The power of coercion refers to when power is exerted using negative reinforcement. Negative reinforcement refers to when we are punished or threatened to be punished for carrying out bad behaviour, which will then encourage good behaviour. For example, if we refuse to do our homework on time, our moms can threaten to take away our screen time for the day, which forces or coerces us to finish our homework on time.


3. Legitimate Power

Legitimate power refers to the power that a person attains concerning his or her position at the workplace, or in other strata of life where the position that they are in earns them the respect which turns into power. For example, your mom has legitimate power because of her position in your life as your mom, or your boss has legitimate power because of her or his position as your boss.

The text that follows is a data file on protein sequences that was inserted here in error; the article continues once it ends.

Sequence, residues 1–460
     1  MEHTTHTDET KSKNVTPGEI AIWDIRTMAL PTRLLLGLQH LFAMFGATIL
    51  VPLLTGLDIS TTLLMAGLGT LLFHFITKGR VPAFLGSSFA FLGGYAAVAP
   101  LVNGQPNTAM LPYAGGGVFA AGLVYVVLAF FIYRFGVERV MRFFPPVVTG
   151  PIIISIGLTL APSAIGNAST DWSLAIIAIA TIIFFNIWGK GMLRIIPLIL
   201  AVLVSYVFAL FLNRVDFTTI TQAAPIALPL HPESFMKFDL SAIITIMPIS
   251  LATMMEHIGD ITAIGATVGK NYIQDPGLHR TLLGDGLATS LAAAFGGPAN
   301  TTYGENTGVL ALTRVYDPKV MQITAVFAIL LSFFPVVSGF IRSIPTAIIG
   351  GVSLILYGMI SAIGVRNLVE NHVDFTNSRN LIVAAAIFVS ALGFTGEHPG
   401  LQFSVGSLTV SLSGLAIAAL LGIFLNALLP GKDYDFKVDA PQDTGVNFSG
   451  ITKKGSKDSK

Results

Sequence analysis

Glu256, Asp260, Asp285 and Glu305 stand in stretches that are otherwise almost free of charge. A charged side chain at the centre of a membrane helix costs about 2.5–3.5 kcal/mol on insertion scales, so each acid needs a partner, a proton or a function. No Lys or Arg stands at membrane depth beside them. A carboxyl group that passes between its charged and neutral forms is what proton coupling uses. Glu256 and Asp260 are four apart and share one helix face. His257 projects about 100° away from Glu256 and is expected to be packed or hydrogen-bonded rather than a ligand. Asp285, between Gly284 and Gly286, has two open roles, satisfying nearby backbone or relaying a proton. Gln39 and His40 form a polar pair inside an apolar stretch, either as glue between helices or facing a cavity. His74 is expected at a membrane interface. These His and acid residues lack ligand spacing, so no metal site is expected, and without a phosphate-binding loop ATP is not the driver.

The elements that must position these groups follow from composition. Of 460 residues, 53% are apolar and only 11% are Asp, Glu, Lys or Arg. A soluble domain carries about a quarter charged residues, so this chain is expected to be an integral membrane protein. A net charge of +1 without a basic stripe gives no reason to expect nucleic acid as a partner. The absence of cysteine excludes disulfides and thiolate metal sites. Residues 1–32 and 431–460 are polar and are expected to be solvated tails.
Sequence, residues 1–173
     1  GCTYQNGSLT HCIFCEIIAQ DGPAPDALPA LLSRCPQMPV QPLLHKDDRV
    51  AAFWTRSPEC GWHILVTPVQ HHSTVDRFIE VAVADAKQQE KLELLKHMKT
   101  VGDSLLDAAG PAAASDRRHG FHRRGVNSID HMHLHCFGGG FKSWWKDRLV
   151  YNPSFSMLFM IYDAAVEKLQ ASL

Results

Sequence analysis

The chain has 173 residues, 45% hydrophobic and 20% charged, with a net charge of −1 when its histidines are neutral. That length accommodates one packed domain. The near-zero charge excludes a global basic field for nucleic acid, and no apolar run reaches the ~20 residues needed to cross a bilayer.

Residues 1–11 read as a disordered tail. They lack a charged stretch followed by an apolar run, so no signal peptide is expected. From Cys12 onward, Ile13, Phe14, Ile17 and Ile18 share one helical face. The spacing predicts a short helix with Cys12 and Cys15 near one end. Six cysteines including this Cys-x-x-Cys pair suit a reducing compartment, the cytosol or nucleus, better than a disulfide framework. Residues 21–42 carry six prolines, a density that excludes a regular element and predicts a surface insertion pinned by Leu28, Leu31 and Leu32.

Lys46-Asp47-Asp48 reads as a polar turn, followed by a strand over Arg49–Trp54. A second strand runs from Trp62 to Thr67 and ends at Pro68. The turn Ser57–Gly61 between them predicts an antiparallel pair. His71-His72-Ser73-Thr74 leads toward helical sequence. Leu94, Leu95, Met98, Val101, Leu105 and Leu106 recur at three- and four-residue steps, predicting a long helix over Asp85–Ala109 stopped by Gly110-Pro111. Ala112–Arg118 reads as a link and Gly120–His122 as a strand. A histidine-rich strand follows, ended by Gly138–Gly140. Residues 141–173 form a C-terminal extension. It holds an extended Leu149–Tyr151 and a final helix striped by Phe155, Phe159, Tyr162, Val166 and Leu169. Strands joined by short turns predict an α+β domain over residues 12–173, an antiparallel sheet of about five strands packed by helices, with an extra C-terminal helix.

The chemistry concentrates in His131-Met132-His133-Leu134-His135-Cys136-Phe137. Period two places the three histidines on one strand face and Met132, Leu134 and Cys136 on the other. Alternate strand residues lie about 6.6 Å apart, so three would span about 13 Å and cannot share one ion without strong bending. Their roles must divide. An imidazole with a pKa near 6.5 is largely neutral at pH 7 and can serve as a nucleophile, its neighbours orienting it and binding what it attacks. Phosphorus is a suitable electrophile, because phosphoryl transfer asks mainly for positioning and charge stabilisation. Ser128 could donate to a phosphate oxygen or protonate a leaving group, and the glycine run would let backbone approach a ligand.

4. Expert Power

This kind of power comes into play when you have certain knowledge and learnings which earn you a level of respect. In this way, your knowledge will become the source of your power. For example, our teachers are knowledgeable and thus gain the powerful position of being your teacher.


5. Referent Power

Referent power refers to the power that a person has over someone else who looks up to them. Celebrities are the biggest example of the people who hold referent power - they can influence their fans to do things like buy products, start a social media uproar, etc. because of the liking that the fans have taken to the celebrity. This kind of power can be tricky and people can be easily manipulated when someone is granted this power.